spoke to the Daily last week on the decline
in federal and state support for higher
education. The interview, held in his
spacious Fleming Administration building
office, was conducted by Opinion Page
Editors Andrew Chapman and Julie Hin-
ds.
Shapiro speculated on the changing
face of the University, and on how the
University's role as a public institution
will be affected by rising tuition and
reduced budgets.
Dialogue
Daily: What is the future of federal support
for the University?
Shapiro: Well, the future of federal support
for higher education in this country is curren-
tly a matter of great controversy. The Con-
stitution, as I understand it, reserves the
public education function for the states. It is,
therefore, legitimate to ask ourselves: What
is the appropriate role of the federal gover-
nment, if any, in contemporary higher
education? I myself reject the notion that it is
appropriatesocial policy to leave all public
responsibility for higher education to the
states.
I think that student financial aid programs
are an ideal vehicle for the federal gover-
nment to play a role in education, in that they
do not involve making grants to specific in-
stitutions. The grants are simply made
available to students to use at whatever in-
stitution they choose, in order to further their
educations. The student benefits, regardless
of whether the student begins his or her
studies in Michigan and remains in Michigan
or begins in Michigan and graduates in Idaho.
Daily: Would you consider it a respon-
sible move by the President to cutback on
federal student financial aid?
Shapiro: There is no question that there
have been some abuses of the federal and
state student loan programs. To give you a
personal example, I behaved in an
economically irrational way by not isisting
that my daughters take out loans to "finance
their undergraduate educations. Existing
policies would have allowed for a natural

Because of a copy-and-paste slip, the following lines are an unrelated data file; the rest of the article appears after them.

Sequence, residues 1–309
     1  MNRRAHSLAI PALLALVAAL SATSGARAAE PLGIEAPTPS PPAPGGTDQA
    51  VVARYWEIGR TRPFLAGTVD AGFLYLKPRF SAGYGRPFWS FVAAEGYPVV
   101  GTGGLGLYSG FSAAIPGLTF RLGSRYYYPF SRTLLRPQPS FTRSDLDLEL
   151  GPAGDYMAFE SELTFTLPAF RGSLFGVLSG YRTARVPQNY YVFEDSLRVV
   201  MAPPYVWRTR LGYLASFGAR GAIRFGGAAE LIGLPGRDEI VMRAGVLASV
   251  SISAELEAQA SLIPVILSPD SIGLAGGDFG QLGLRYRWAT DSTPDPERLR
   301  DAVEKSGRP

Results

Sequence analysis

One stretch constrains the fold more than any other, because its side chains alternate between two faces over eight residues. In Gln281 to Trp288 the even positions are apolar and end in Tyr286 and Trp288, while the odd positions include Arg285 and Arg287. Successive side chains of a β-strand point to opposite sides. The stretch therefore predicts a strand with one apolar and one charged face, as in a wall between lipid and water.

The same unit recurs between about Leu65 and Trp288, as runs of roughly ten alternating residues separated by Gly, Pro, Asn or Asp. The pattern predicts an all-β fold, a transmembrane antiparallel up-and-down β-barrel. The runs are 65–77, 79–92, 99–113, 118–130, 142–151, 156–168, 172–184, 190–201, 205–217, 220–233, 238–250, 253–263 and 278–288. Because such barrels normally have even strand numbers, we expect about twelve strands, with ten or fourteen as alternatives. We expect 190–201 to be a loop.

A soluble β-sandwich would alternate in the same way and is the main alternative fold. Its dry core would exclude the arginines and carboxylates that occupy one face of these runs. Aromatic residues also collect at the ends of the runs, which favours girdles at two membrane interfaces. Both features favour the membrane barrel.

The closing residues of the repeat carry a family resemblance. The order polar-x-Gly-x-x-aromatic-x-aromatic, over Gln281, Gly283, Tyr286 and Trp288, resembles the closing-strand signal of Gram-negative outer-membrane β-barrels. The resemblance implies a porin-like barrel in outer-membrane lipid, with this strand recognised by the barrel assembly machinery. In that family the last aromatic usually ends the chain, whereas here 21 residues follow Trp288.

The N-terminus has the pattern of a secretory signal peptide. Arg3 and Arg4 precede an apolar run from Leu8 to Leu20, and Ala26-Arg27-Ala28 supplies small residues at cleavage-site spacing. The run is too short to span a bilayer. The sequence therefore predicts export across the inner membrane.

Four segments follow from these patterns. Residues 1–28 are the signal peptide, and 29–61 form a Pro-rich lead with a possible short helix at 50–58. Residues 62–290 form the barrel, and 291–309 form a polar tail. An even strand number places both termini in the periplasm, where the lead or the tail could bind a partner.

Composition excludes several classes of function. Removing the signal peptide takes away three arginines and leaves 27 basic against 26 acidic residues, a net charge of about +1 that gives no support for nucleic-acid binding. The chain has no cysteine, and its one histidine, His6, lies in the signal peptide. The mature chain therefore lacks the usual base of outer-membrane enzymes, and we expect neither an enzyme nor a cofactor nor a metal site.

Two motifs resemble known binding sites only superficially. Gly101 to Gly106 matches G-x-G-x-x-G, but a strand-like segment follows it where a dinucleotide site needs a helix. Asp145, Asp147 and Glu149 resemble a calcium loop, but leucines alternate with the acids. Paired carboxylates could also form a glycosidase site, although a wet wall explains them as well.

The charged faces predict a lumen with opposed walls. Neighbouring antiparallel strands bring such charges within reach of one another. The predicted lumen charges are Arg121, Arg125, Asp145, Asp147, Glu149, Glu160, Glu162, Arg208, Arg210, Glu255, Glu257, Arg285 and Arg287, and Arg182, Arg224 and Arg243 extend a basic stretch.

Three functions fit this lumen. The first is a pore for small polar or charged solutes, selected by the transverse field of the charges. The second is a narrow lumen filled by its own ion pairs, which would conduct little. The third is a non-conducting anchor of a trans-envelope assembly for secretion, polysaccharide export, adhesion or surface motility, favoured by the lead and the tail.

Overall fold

windfall. A family could borrow the money at
a subsidized rate and invest it in a savings ac-
count at market rates. It was almost like prin-
ting money on a small scale.
The loan programs were not initially con-
ceived in that way and should not have been
used in that way. Some reforms and cutbacks
were necessary, but I think the kind of cut-
backs currently being considered far exceed
the real problems and, furthermore, if some
of the proposed cutbacks go through, they will
have enormous impact on higher education in
general.
Daily: What do you think that impact will
be?
Shapiro: I think that the impact will be
primarily on access to higher education for
middle income and lower-middle income
families. For example, I think there are a lot
of students at the University whom we want to
keep here, but who would have a difficult time
remaining, given, for example, a 50 percent
cutback in federal student financial aid. I
think that; if We are creative enough, we will
be able to maintain our enrollment; though
not necessarily with the same set of students.
Daily: Now you said that the federal burden
will be shifted to the states.. ..
Shapiro: . . . or to individuals.
Daily: State aid is now declining. What do
you predict for its future? Will it continue to
decline and how will that affect the Univer-
sity?

Shapiro: My expectation is that most states
will not substitute aid that has been lost
through federal cuts. J think the federal loss
will, by and large, be a net loss.

Daily: What will that specific burden on the
individual be?
Shapiro: It will be financial. Students and
their families are going to have to decide
whether to put $5,000 per year into an
education, so it will put the burden on
families.
Daily': How will that change this Univer-
sity? Will it change the type of person who
comes here?
Shapiro: Under the worst scenario,- with
dramatic cuts in federal financial aid of, let
us say, 50 percent, I think that you will find
the average family income of the person
coming to The University of Michigan moving
upwards and that access to the University is
affected for those families who do not have
savings. You will find a narrower socio-
economic cross-section at universities such as
Michigan than we now have. I think that will
be too bad. The students will be wealthier, but
the University will be impoverished because
the variety -of the student body will be
diminished and the experiences that the
student body brings to the University will be
more limited.
Daily: Will we become art elitist institution?
Will we only have that certain class of studen-
ts? Will that harm the University?
Shapiro: Of course it will harm the Univer-